Big Ten coaches urge their saddened teams to soldier on

Anthony Maggio and

A week after the tragedies on the East Coast, Big Ten football coaches are trying to get their minds back on the sport they love.

Penn State coach Joe Paterno, for one, was deeply saddened by the events which took place. In his 52nd year in State College, Paterno has seen almost everything.

Yet JoePa believes what happened last week can only be compared to one thing – Pearl Harbor.

“You’re so sorrowful and you’re so proud,” Paterno said. “You feel so good about the leadership of the people in New York City, and the leadership the President is giving us. You’re proud to see so many people joining hands wanting to help each other. You feel so good about being an American.

“Being older than most of those people, I realize the path we’re going to have to take is not going to be an easy one. The President has a very difficult job ahead of him. There is going to be a fight for our freedom and we’re going to lose some young people. It is a very sad thought. I think it is very comparable to Pearl Harbor.”

Other coaches expressed similar feelings as Paterno.

Illinois coach Ron Turner thinks last weeks events put the word “hero” into proper perspective.

“I think the term hero is thrown around way too loosely,” Turner said. “You look at what those guys (on the East Coast) have done – given their lives and going in trying to rescue other people and risking their own lives while doing it – whether you’re talking about everyday citizens that are out there doing that or firemen who have obviously gone well beyond the call of duty and police officers and everyone out there. Those people obviously are the true heroes. That term probably should be reserved for people doing things like that.”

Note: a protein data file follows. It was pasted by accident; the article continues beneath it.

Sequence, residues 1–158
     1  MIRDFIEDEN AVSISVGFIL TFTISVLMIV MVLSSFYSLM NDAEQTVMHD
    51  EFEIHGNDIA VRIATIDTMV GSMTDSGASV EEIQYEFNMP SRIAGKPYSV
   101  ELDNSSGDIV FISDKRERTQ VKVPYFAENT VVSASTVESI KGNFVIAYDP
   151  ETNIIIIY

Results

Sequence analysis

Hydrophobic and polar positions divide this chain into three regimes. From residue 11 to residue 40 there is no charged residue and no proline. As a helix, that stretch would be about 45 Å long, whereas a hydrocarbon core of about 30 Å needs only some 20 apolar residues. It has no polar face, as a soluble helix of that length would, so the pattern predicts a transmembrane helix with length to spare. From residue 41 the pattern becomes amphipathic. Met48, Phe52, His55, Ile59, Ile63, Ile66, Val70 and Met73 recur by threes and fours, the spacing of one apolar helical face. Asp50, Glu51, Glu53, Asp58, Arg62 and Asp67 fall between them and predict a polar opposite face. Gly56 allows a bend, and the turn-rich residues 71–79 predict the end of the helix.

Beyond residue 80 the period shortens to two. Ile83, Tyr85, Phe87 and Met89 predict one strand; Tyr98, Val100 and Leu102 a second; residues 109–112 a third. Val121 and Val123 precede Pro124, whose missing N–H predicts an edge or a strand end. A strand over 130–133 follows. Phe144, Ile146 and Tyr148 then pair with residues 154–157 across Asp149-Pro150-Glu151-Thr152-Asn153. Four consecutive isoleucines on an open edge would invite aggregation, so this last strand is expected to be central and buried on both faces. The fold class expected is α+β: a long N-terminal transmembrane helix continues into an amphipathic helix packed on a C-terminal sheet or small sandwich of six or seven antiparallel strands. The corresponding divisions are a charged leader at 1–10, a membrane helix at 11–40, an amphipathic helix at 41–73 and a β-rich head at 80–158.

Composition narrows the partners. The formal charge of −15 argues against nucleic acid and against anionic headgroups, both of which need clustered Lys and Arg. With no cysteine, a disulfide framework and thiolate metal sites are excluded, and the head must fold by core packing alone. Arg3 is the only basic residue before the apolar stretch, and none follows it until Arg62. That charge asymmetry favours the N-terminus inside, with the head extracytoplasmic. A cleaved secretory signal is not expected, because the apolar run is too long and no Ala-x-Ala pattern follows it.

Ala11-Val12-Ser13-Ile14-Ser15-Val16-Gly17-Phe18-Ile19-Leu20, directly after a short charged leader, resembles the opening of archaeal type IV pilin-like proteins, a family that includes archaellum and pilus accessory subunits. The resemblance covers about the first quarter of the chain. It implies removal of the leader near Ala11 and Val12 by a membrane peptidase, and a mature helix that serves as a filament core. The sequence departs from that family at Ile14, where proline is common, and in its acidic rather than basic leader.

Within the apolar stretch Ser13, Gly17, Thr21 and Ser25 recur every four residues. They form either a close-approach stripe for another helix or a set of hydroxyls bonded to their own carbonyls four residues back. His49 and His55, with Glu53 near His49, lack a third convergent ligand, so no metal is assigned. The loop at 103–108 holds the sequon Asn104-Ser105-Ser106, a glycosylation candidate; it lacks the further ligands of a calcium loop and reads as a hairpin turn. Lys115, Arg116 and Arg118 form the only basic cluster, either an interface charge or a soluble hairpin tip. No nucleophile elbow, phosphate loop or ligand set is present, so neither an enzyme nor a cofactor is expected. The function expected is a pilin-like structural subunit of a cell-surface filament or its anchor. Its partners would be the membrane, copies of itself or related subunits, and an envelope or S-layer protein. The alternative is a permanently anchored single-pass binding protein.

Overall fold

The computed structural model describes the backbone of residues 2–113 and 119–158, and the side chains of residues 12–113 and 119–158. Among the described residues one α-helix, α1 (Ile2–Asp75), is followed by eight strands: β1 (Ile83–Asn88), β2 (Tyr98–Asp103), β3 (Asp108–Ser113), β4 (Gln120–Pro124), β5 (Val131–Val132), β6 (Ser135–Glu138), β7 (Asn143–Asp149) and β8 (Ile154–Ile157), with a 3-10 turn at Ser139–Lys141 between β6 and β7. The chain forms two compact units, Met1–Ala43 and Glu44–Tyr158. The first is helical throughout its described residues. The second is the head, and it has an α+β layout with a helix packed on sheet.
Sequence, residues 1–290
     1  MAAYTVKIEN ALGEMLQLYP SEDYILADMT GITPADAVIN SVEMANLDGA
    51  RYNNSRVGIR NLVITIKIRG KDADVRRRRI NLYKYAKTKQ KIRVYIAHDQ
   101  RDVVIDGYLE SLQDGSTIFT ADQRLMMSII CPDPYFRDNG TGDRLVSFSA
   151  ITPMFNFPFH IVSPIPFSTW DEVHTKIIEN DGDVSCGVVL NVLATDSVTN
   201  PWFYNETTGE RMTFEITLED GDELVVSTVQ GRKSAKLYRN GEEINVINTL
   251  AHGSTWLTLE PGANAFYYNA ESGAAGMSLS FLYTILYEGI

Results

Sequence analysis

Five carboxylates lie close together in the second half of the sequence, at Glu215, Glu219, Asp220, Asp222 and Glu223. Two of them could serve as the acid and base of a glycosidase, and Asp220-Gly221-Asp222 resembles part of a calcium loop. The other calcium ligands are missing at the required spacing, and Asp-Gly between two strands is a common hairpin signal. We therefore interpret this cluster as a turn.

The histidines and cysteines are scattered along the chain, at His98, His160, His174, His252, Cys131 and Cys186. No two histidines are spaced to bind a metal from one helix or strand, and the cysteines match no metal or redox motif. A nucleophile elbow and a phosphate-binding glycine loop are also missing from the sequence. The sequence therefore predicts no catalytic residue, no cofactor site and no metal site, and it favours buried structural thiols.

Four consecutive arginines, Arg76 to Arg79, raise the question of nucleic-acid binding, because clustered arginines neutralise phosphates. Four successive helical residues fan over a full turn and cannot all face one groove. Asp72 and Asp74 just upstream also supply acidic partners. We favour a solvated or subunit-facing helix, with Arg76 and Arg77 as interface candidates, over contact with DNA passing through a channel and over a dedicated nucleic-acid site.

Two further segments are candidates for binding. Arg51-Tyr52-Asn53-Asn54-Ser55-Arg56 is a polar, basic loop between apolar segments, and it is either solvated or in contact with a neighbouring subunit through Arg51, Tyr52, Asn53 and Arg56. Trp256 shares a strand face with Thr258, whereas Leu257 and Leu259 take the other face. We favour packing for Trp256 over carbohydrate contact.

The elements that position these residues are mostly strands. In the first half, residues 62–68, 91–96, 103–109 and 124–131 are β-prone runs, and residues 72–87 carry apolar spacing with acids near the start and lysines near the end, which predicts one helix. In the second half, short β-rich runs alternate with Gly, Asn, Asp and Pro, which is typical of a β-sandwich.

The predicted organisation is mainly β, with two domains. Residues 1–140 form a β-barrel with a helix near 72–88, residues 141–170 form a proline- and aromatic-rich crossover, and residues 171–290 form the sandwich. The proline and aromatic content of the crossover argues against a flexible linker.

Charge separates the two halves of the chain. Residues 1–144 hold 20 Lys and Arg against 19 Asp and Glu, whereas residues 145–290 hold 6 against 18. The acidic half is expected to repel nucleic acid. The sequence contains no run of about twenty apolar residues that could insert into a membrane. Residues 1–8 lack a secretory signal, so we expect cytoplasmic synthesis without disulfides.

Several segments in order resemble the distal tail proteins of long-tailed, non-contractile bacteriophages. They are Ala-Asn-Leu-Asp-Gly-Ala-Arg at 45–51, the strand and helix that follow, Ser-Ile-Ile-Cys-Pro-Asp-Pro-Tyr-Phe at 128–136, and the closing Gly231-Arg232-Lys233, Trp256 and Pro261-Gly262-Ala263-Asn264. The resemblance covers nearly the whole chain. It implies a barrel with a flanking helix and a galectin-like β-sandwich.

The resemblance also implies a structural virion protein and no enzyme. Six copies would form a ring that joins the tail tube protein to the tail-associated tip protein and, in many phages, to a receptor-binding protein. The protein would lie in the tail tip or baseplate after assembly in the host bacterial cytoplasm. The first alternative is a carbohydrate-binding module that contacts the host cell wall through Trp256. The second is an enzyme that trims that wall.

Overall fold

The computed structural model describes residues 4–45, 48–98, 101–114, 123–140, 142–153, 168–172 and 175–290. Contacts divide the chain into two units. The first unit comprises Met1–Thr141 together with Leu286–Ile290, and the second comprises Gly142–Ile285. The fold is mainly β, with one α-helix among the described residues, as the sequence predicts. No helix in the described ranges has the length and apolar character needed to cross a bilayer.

Many coaches said they spoke with their players about keeping what they do as athletes in perspective.

“If any positive comes out of last weeks events for all of us, it’s going to be a great reminder of what is truly important in our lives,” Iowa coach Kirk Ferentz said. “One of the lessons of athletics is keep everything you do in perspective, everything in our lives. Never forget what is truly valuable: our health, our family, and our friends. Those are the things that last a lifetime and are really important in our life.”

The coaches also said the tragedies are bringing people closer together.

“I think there’s no question that this tragedy, as often occurs, certainly has been a unifying factor in terms of being able to empathize and sympathize and look at the much larger picture of life and death,” Michigan coach Lloyd Carr said.

In keeping with people unifying in the wake of what happened, Ferentz said he feels privileged to be an American.

Purdue coach Joe Tiller told his players getting back into action is a chance to represent what America is all about – resiliency.

“We reflected a little bit from a historical perspective on our country’s ability to bounce back and be resilient,” Tiller said. “We said we are a microcosm of society as an athletic team, a competitive team, and our ability to be resilient and bounce back is symbolic of what our country has done over the years. As a football team, we feel like that’s the torch we should be carrying.”

 

Anthony Maggio covers football and
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John R. Carter covers football and
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